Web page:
The plateau cuts across the strong current systems that sweep around the South Pole. This thrusts deep, cold water, enriched with volcanic minerals, to the surface then back to the seafloor. In turn, this powers a food chain stretching from small zooplankton to fish and predators such as Patagonian toothfish, penguins and albatross, and diving marine mammals such as elephant seals and sperm whales.




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Carbon and nutrients returned to the seafloor support diverse communities of invertebrate and fish species that could not inhabit this location if not for the plateau.

The orientation and location of the Kerguelen Plateau make it a canary in the coalmine for understanding the southward shift in marine ecology due to climate change. As sea temperatures rise and ocean currents shift, plant and animal species will move south in search of cooler waters.

Recent modelling suggests those species most at risk from climate change in this region are those sedentary or slow-moving invertebrates, such as sea urchins.

King penguins at Corinthian Bay, Heard Island.
Matt Curnock

Policy backed by science

Work continues to build comprehensive maps of the seafloor, deploy a network of ocean robots to collect physical and biological information, and use French and Australian fishing fleets for research.

The plateau’s waters are in the region overseen by the Commission for the Conservation of Antarctic Marine Living Resources, an international treaty body. French-Australian research is presented to the commission at meetings in Hobart each year to guide management decisions.

The cross-country partnership is a model for international scientific cooperation and fisheries management. In the context of a changing climate, these efforts will provide insight into future impacts on natural systems throughout the Southern Ocean.The Conversation

James Dell, Post Doctoral Fellow, University of Tasmania

This article is republished from The Conversation under a Creative Commons license. Read the original article.

As they meet in Poland for the next steps, nations are struggling to agree on how the ambitions of the Paris Agreement can be realised



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The Spodek complex in Katowice, Poland, will host this year’s UN climate summit.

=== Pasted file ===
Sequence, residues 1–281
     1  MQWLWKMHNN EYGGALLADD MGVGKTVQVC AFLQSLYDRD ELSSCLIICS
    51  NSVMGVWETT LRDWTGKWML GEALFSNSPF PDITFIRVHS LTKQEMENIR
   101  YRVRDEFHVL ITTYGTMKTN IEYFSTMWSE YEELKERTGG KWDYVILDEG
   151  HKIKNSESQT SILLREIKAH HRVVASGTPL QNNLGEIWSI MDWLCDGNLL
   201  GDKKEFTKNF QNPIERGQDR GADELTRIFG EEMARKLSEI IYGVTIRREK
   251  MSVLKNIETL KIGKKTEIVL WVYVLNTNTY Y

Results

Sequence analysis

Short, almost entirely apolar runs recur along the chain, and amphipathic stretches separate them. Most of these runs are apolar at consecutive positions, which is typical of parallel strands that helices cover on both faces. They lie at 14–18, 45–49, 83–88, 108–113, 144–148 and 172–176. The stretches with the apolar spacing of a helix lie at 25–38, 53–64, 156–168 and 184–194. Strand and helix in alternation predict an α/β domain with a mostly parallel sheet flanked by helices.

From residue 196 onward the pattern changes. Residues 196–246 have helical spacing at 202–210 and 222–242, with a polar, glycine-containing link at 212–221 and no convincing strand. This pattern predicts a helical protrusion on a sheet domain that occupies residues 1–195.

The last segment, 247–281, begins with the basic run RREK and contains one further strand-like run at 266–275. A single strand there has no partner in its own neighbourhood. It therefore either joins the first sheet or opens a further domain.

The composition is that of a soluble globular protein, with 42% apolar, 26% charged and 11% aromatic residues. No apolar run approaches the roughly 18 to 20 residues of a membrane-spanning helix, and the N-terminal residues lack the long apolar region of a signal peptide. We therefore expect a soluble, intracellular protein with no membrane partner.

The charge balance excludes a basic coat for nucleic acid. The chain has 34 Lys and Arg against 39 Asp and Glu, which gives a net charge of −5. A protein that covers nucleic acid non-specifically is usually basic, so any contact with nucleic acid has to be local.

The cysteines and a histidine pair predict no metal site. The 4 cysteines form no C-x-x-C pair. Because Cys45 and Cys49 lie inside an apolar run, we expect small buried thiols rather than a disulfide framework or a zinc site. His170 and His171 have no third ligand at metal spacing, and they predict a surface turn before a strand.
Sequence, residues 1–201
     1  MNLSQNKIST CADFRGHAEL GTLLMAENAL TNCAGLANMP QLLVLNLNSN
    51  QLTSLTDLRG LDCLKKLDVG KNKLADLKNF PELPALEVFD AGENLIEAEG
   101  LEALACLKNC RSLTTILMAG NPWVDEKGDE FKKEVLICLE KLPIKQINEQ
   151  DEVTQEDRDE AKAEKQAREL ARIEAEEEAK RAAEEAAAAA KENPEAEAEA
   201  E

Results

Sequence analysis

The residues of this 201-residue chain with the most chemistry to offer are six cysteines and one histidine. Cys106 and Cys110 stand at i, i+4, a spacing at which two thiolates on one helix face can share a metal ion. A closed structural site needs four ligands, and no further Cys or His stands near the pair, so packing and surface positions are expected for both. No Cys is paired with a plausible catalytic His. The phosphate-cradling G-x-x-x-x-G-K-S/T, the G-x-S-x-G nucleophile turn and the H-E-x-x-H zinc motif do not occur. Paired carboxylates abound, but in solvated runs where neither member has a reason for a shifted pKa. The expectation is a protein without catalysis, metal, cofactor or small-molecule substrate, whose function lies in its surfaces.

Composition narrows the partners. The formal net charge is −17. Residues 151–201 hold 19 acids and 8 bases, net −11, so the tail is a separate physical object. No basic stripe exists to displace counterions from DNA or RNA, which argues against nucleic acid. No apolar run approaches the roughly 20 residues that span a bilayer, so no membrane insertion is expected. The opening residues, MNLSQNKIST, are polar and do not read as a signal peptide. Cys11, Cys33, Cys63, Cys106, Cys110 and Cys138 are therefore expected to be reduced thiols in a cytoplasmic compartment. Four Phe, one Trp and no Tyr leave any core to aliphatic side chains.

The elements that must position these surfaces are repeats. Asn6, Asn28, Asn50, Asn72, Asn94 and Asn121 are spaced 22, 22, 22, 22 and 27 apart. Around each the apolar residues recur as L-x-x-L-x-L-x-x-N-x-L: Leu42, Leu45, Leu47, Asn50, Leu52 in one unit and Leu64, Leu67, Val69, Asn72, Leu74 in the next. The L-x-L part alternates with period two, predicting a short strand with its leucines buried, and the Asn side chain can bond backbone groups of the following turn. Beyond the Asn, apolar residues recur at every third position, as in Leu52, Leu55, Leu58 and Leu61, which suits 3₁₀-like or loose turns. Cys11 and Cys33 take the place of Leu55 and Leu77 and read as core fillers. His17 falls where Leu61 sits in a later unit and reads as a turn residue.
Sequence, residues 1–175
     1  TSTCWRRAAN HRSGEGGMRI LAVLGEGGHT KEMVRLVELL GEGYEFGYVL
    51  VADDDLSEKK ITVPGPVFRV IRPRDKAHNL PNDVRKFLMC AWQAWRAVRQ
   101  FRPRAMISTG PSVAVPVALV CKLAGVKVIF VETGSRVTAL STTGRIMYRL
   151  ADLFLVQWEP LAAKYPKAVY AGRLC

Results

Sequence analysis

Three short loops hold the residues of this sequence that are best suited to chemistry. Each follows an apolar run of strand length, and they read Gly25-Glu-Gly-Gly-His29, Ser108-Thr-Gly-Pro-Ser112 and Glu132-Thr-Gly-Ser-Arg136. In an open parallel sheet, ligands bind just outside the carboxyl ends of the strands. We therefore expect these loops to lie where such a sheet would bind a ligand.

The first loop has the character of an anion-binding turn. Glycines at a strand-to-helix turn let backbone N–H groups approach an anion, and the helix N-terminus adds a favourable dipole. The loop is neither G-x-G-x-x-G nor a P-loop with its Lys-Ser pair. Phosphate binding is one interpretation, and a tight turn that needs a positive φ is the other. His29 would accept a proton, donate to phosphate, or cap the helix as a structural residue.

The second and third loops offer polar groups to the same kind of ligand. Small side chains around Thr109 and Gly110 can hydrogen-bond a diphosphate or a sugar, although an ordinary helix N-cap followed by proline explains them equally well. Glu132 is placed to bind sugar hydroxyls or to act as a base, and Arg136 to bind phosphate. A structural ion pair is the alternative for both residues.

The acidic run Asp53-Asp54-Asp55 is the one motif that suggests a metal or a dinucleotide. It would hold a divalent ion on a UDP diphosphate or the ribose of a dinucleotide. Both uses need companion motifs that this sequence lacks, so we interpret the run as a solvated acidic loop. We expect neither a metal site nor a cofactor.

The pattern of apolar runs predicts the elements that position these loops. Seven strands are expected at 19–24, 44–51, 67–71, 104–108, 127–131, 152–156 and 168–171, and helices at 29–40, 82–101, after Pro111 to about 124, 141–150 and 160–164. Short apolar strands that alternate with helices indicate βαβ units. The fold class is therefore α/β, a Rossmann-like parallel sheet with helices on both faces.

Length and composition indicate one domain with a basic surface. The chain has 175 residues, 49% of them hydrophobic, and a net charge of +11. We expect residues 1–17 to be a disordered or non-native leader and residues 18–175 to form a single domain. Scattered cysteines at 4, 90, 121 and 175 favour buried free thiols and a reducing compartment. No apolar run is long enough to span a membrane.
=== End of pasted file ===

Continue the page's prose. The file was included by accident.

Shutterstock.com

Edward Morgan, Griffith University; Brendan Mackey, Griffith University, and Johanna Nalau, Griffith University

International leaders and policymakers gathering in Katowice, Poland, for the 24th annual round of UN climate talks know that they have plenty of work to do.

They are hoping to make progress on the Paris Agreement Work Programme, otherwise known as the Paris Rulebook – the guidelines needed to guide implementation of the Paris Agreement. That agreement was struck three years ago, but it is still not clear how the treaty’s goals to curb global warming will actually be achieved.

The Paris Agreement was a diplomatic landmark, under which nations pledged to hold global temperature rises to “well below 2℃”, and ideally to no more than 1.5℃.

This requires all countries not only to slash global greenhouse emissions, but also to help the world adapt to the impacts of climate change. The agreement requires countries to develop national climate plans, to report back on their progress, and to ramp up their efforts in the coming years.

The ‘what’ and the ‘how’

Whereas the Paris Agreement talks about what needs to be done, the Paris Rulebook to be agreed at Katowice is about how nations can set about achieving it. Unlike the previous, more prescriptive Kyoto Protocol, the Paris Agreement allows countries to choose their own approach to climate change. But it is important that actions taken by countries are done within an agreed, transparent framework of rules.